Thomson Reuters Foundation Pioneers New Emergency Information Service For Survivors Of Natural Disasters
* First service of its kind: EIS will seek out, collate and disseminate life-saving information to disaster-hit populations
* EIS Action-Units will be deployed within hours of a disaster
* Thomson Reuters Foundation joined by the Red Cross to act as a key delivery partner in disaster zones
LONDON, UK - Thomson Reuters Foundation today announces the launch of a pioneering, first-of-its-kind service - The Emergency Information Service (EIS). Developed to respond to major natural disasters around the world, the new EIS will deploy expert Action-Units of journalists to scenes of major catastrophe where they will seek out, collate and disseminate life-saving information to disaster-struck populations, filling a critical gap in the chain of crisis information.
EIS Action-Units will be staffed by specialist humanitarian-trained Reuters journalists. Upon alert of a major natural disaster, the EIS Action-Units will travel to the affected area and use the most appropriate means of communication - particularly SMS text messages - to reach local populations, aid agencies and local-language media. Communities affected by disasters often find themselves cut off from information and aid. A key aim of the EIS is to ensure those affected are not seen merely as victims but as “first responders” who can help shape and manage the disaster recovery process through their own local knowledge and expertise.
Speaking at the launch, Monique Villa, CEO of the Thomson Reuters Foundation, said: “In times of major natural catastrophes, information itself is aid, as crucial as shelter or blankets. Working with key partners such as the Red Cross, the EIS will have teams in the field within hours of a natural disaster striking. The EIS Action-Units will provide reliable, actionable information to help empower survivors to be architects of their own recovery.”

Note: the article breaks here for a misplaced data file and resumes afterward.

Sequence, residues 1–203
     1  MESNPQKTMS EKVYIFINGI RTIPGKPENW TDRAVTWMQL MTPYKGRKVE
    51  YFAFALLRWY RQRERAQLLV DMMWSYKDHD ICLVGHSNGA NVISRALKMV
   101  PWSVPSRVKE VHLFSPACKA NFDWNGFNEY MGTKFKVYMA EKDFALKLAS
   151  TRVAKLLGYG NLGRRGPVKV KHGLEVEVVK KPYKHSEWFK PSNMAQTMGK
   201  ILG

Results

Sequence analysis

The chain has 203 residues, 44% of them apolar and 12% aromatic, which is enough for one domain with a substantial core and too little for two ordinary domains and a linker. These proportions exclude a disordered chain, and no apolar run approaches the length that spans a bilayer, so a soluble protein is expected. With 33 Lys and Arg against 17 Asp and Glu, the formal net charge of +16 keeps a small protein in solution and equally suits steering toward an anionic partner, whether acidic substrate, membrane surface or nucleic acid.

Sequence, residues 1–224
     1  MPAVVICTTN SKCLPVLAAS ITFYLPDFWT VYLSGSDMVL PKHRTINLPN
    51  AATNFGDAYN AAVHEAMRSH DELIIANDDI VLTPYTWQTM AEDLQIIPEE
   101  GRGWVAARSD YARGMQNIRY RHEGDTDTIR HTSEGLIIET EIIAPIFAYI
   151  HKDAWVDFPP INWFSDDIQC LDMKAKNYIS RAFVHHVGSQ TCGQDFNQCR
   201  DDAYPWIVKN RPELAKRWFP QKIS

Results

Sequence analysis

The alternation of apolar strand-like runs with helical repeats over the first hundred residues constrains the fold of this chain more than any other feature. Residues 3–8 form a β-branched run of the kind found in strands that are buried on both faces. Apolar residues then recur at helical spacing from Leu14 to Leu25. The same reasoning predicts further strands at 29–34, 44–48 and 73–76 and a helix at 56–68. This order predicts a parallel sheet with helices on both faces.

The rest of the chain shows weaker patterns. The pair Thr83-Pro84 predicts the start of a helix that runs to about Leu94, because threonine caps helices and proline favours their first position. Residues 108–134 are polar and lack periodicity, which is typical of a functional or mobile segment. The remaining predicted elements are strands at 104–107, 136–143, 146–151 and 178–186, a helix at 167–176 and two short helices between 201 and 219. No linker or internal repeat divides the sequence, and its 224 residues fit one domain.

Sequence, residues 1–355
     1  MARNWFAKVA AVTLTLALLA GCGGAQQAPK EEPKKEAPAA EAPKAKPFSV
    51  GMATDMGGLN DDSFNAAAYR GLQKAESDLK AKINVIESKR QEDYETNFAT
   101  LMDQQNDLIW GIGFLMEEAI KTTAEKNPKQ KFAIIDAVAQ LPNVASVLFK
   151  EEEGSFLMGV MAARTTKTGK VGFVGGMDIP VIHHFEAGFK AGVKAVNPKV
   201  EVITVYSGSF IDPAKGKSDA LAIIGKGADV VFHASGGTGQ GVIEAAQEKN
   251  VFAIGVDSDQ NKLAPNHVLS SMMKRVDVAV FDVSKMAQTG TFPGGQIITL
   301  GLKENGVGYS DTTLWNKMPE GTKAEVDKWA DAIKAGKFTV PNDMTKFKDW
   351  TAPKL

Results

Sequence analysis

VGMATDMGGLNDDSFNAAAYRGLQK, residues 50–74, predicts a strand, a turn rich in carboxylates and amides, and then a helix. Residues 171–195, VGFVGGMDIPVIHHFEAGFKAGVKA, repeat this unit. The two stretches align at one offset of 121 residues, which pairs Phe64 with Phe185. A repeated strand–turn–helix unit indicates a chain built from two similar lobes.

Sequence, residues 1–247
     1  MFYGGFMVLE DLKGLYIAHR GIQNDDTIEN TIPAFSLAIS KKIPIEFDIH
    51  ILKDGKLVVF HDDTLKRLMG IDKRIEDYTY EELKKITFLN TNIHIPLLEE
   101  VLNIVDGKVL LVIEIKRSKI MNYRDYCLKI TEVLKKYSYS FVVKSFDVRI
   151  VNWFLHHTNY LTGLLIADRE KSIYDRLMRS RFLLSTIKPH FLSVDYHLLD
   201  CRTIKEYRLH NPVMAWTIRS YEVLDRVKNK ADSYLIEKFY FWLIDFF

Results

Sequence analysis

Thomson Reuters Foundation has developed groundbreaking technology to allow the EIS team and other groups to assimilate and process multiple information streams in an emergency. The tools let the EIS Action-Units generate information services for dissemination in local languages via SMS, email and web page. When all communications are down, the EIS will turn to low-tech means such as leaflets, community noticeboards and even megaphones.
The launch of the EIS comes on the eve of the fifth anniversary of the Indian Ocean Tsunami. To mark the occasion, the Red Cross and Thomson Reuters Foundation have produced “Surviving the Tsunami - Stories of Hope”, a multimedia documentary capturing the stories of survivors, aid workers and a Reuters photographer, each giving their own highly personal account of the Indian Ocean Tsunami. The documentary explores how survivors have overcome tragedy to rebuild their lives. It features pictures and video taken by journalists from Reuters bureaux around the Indian Ocean, capturing the terrifying drama and traumatic aftermath of the tsunami’s impact.
“Surviving the Tsunami - Stories of Hope” can be viewed at: http://tsunami.trust.org. The production is the third in a series of award-winning multimedia documentaries created by Reuters which have also covered the Iraq war and the financial crisis.
Commenting on the documentary, Paul Conneally, head of communications for the International Federation of Red Cross and Red Crescent Societies, said, “Five years ago the world watched the India Ocean Tsunami as it caused catastrophic and unprecedented damage across countries and communities, much of which is still being addressed today. It was a disaster that also witnessed global media attention, a worldwide humanitarian response and incredible levels of spontaneous generosity from ordinary people around the world. The Red Cross and Thomson Reuters wanted to produce a true testimony to mark this landmark event, and to provide a platform for ordinary people affected by the tsunami to tell their extraordinary stories.”
Monique Villa added, “This is a hugely inspirational and moving multimedia documentary that reveals the human capacity to overcome tragedy. It also draws on the unique experiences of Reuters journalists in one of the most harrowing natural disasters of our time.”
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